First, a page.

Mozilla finds that most dating apps are not great guardians of user data

Dating apps are not following great privacy practices and are collecting more data than ever in order to woo GenZ users, a new study by Mozilla pointed out. Researchers reviewed dating apps in terms of privacy in 2021. In the latest report, they noted that dating apps have become more data-hungry and intrusive.

The organization studied 25 apps and labeled 22 of them ” Privacy Not Included” — the lowest grade in Mozilla’s parlance. Mozilla only gave Queer-owned and operated Lex a positive review, with Harmony and Happn getting a passable rating.

Mozilla said 80% of the apps may share or sell your personal data for advertising purposes. The report noted that apps like Bumble have murky privacy clauses that might sell your data to advertisers.

“We use services that help improve marketing campaigns . . . Under certain privacy laws, this may be considered selling or sharing your personal information with our marketing partners,” an in-app popup says, as noted by Mozilla.

The report noted that the majority of apps, including Hinge, Tinder, OKCupid, Match, Plenty of Fish, BLK, and BlackPeopleMeet, had precise geolocation from users. Apps like Hinge collect location data in the background when the app is not in use.

“The collection of your geolocation may occur in the background even when you aren’t using the services if the permission you gave us expressly permits such collection. If you decline permission for us to collect your precise geolocation, we will not collect it, and our services that rely on precise geolocation may not be available to you,” Hinge’s policy states.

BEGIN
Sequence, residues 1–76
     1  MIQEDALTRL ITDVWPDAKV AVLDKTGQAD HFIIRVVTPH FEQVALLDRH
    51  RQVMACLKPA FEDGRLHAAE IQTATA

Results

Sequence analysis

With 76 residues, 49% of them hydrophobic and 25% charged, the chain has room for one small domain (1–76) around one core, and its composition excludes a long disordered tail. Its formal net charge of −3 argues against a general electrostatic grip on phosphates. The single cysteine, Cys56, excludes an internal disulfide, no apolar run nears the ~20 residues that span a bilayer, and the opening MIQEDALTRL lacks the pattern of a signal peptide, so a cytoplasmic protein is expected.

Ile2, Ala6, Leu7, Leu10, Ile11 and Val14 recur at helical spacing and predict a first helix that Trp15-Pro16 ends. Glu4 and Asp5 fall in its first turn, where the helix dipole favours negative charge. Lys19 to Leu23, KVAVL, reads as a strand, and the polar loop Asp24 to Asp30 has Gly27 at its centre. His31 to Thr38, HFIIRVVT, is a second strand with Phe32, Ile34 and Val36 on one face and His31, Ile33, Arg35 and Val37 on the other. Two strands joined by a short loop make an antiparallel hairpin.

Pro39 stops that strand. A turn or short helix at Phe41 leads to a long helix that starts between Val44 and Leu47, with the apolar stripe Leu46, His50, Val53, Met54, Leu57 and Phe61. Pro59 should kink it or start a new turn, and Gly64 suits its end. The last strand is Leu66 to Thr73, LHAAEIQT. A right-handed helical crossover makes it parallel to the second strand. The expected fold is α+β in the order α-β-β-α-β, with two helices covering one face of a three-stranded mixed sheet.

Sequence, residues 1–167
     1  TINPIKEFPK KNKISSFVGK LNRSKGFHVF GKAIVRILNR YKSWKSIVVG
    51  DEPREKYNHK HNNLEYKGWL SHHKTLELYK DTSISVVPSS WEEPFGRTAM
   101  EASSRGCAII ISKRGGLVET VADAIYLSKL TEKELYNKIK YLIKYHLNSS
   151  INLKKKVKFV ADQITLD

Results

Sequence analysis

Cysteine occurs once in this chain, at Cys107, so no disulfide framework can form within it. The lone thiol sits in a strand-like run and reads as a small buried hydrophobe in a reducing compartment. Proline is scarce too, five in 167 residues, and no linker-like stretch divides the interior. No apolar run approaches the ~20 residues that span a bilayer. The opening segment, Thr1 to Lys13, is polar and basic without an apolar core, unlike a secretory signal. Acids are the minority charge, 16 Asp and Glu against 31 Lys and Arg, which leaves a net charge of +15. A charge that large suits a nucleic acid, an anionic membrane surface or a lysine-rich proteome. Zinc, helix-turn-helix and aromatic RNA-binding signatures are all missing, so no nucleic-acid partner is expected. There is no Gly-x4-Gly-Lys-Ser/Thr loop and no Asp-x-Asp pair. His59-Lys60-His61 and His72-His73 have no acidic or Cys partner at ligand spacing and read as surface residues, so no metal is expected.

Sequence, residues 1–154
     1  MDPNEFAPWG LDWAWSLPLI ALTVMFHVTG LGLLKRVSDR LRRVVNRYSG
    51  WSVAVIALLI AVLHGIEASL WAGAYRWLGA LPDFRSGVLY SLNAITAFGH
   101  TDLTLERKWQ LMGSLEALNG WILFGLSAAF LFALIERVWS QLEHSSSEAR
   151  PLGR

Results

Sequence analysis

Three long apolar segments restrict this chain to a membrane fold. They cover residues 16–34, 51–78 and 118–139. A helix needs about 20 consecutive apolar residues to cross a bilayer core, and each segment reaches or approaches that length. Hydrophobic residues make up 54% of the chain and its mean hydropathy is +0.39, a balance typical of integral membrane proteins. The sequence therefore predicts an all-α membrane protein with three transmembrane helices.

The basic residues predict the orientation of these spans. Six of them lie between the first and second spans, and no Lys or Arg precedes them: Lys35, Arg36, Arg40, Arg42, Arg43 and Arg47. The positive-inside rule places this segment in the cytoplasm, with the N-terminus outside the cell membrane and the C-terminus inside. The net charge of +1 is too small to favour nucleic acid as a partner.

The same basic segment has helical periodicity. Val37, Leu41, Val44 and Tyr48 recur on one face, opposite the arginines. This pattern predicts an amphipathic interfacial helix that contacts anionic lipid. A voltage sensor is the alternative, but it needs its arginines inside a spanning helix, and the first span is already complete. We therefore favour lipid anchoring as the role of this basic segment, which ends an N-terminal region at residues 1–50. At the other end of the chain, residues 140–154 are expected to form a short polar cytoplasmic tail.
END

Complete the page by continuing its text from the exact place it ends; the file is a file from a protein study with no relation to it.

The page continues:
The insidious role of data brokers

Dating apps claim that they collect a significant amount of data to find better matches for users. However, if that data ends up with data brokers, there are grave consequences. Last year, the Washington Post reported that a U.S.-based Catholic group bought data from Grindr to monitor some members.

Notably, Grindr — which got one of the lowest ratings under Mozilla’s review — has had a record of lapses in privacy and security practices.

“If dating apps think people are going to keep handing over their most intimate data – basically, everything but their mother’s maiden name – without finding love, they’re underestimating their users. Their predatory privacy practices are a dealbreaker,” Zoë MacDonald, researcher and one of the authors of the report, said in a statement.

As per data from analytics firm, dating app downloads are slowing down. Separately, data from Pew Research published last year suggests that only three in 10 adults have ever used a dating site or an app — a figure that has stayed the same since 2019. Last month, The New York Times published a report noting that dating app giants Match Group and Bumble have lost more than $40 billion in market value since 2021.

Companies are now looking towards new ways to engage potential daters, including experimenting with AI-powered features. Match Group already said during its Q3 2024 earnings this year that it plans to leverage AI. In March, Platformer reported that Grindr plans to introduce an AI chatbot that could engage in sexually explicit language.

Mozilla said that apps already use AI to match algorithms. With the onset of generative AI, researchers are not confident that dating apps will have enough protections for user privacy.

Mozilla privacy researcher Misha Rykov said that, as dating apps collect more data, they have a duty to protect that data from being exploited.

“To forge stronger matches users have to write compelling profiles, fill out numerous interest and personality surveys, asses and charm matches, share pictures and videos — the whole experience is heavily dependent on how much information people share. By this virtue, dating apps must protect this data from exploitation,” he noted.

Earlier this year, Mozilla also evaluated a bunch of AI bots that could act as a romantic partner and found some serious concerns about security and data sharing practices of these bots.

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